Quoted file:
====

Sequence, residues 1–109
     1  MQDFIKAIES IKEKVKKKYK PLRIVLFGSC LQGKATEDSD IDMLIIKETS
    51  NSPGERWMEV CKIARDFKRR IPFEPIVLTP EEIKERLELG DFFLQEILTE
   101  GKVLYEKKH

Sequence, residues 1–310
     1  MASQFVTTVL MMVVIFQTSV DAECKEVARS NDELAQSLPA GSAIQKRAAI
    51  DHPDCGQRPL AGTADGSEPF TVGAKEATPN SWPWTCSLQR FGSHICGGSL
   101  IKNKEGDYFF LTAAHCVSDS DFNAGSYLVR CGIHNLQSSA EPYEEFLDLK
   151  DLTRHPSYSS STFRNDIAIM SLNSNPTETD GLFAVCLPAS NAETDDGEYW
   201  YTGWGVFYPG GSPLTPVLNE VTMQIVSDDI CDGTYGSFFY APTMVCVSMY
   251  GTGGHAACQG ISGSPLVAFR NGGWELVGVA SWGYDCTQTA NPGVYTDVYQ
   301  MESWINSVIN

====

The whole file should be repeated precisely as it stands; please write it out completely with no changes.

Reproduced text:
Sequence, residues 1–109
     1  MQDFIKAIES IKEKVKKKYK PLRIVLFGSC LQGKATEDSD IDMLIIKETS
    51  NSPGERWMEV CKIARDFKRR IPFEPIVLTP EEIKERLELG DFFLQEILTE
   101  GKVLYEKKH

Sequence, residues 1–310
     1  MASQFVTTVL MMVVIFQTSV DAECKEVARS NDELAQSLPA GSAIQKRAAI
    51  DHPDCGQRPL AGTADGSEPF TVGAKEATPN SWPWTCSLQR FGSHICGGSL
   101  IKNKEGDYFF LTAAHCVSDS DFNAGSYLVR CGIHNLQSSA EPYEEFLDLK
   151  DLTRHPSYSS STFRNDIAIM SLNSNPTETD GLFAVCLPAS NAETDDGEYW
   201  YTGWGVFYPG GSPLTPVLNE VTMQIVSDDI CDGTYGSFFY APTMVCVSMY
   251  GTGGHAACQG ISGSPLVAFR NGGWELVGVA SWGYDCTQTA NPGVYTDVYQ
   301  MESWINSVIN